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WASHINGTON — President Barack Obama weighed into two international struggles Tuesday, vowing to come down like "a ton of bricks" on firms that violate sanctions against Iran and acknowledging that Syrian peace talks are far from reaching their goal.
"There's enormous frustration here," Obama said of the Syrian peace talks.
Obama made the remarks at a joint news conference with French President Francois Hollande, a key partner in both the Syrian and Iranian efforts.
The United States and France are among the countries that signed an interim nuclear agreement with Tehran. The agreement halts progress on the Islamic republic's nuclear program in exchange for easing international sanctions. Talks on a final deal begin next week in Vienna, Austria.
Speaking on companies doing business with Iran in violation of sanctions still in place, Obama said, "We will come down on them like a ton of bricks" if they don't hold up their end.
The Obama administration has objected to the interest French businesses have shown in Iran since the sanctions were eased. More than 100 French executives visited Tehran last week, a trip Secretary of State John Kerry told his counterparts in Paris was "not helpful."
Hollande said he told the French businessmen that sanctions remain in effect and no commercial agreements can be signed without a long-term, comprehensive nuclear deal. But he said he's not president of the French employer's union and companies make their own travel decisions.
The United States and France also have been working to end the violent civil war in Syria, a former French colony. But peace talks between the Syrian government and opposition forces have gained no traction.
An agreement to strip Syria of its chemical weapons stockpiles is being carried out. But there are concerns on both sides of the Atlantic that Syria is stalling on its obligations.
When Obama threatened a military strike against Syria following a chemical weapons attack there last year, France was the only European ally ready to join that effort.
Obama said the United State and France have rebuilt a relationship that "would have been unimaginable even a decade ago," after President George W. Bush launched an unpopular war against Iraq.
There has been some tension between the U.S. and its allies in Europe and elsewhere following revelations that their leaders had been subject to spying from the National Security Agency.
Obama said there is no country with which the United States has "a no-spy agreement." But he says the United States endeavors to protect privacy rights as it collects foreign intelligence.
Hollande said he and Obama "clarified things" about the spying revelations and "mutual trust has been restored."
"That mutual trust must be based on respect for each other's country but also based on protection, protection of private life, of personal data, the fact that any individual, in spite of technological progress, can be sure that he's not being spied on. These are principles that unite us," Hollande said.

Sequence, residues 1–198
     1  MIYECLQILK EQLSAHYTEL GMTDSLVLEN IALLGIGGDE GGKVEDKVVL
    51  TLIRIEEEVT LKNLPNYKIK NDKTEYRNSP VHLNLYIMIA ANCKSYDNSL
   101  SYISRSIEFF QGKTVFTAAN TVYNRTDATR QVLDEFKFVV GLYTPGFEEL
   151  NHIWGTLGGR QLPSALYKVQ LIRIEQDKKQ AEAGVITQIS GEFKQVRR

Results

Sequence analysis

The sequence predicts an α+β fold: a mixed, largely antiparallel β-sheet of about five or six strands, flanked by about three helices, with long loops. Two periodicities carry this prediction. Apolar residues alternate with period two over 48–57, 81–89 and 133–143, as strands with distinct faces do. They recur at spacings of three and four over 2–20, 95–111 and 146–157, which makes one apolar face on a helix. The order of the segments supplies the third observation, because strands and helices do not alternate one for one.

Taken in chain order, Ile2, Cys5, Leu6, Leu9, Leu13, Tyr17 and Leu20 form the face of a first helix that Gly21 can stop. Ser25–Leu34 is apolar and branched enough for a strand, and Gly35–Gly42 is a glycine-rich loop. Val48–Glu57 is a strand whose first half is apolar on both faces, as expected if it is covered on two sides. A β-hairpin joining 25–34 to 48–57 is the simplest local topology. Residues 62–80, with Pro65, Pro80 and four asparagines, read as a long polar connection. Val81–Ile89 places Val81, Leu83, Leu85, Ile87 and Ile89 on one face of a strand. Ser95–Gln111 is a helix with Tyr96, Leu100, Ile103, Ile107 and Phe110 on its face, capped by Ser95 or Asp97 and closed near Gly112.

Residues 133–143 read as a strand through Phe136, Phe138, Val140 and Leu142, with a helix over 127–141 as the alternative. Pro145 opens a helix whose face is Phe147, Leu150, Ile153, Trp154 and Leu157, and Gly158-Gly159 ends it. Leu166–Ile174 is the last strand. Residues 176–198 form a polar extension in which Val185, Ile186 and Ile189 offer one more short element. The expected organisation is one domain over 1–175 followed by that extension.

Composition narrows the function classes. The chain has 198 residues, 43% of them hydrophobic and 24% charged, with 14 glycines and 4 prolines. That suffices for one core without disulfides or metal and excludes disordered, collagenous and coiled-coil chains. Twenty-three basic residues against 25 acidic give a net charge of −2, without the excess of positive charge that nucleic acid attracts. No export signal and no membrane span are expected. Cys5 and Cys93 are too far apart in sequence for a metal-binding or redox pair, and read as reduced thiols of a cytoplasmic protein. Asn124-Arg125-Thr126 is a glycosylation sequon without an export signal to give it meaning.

Obama also announced that he's accepted Hollande's invitation to travel to France for the June 6 ceremony marking the 70th anniversary of the D-Day invasion of Normandy.
On a domestic issue, Obama said he's giving mid-size businesses more time to comply with his health care law because they are trying to get right with the law. "The purpose of the law is not to punish them," Obama said, but to make sure they are providing insurance or helping pay for their employees to obtain it.
The Obama administration on Monday delayed a requirement that medium-to-larger firms provide health care for their workers or face fines. The administration said companies with 50 to 99 employees will have an additional year to comply with the coverage requirement, until January 1, 2016.
Republicans trying to win control of the Senate in the November elections are making the health care law their top issue, criticizing it as a job-costing burden on businesses and individuals.
The remarks came at an hour-long news conference in the midst of an official state visit, held as Hollande is facing romantic upheaval that resulted in his showing up stag to the White House. The 59-year-old ended his relationship last month with girlfriend and French first lady Valerie Trierweiler after it was revealed that he was having an affair with an actress.
The White House has carefully avoided any mention of Hollande's personal drama and has moved forward with a grand welcome reserved only for America's closest allies.
On a cold February morning, Obama, first lady Michelle Obama and a military honor guard welcomed Hollande as he arrived on the South Lawn of the White House. The two leaders shook hands before a cheering crowd, many waving American and French flags, and greeted two American military veterans who served in France during World War II.
Following the arrival ceremony, Obama and Hollande held a private meeting in the Oval Office before appearing before the press in the East Room. The Obamas planned to fete Hollande at a grand state dinner Tuesday night attended by more than 300 dignitaries and celebrities.
A French reporter asked if France has now become the top U.S. ally in Europe, beating out Britain. "I have two daughters," Obama replied. "And they are both gorgeous and wonderful, and I would never choose between them. And that's how I feel about my outstanding European partners."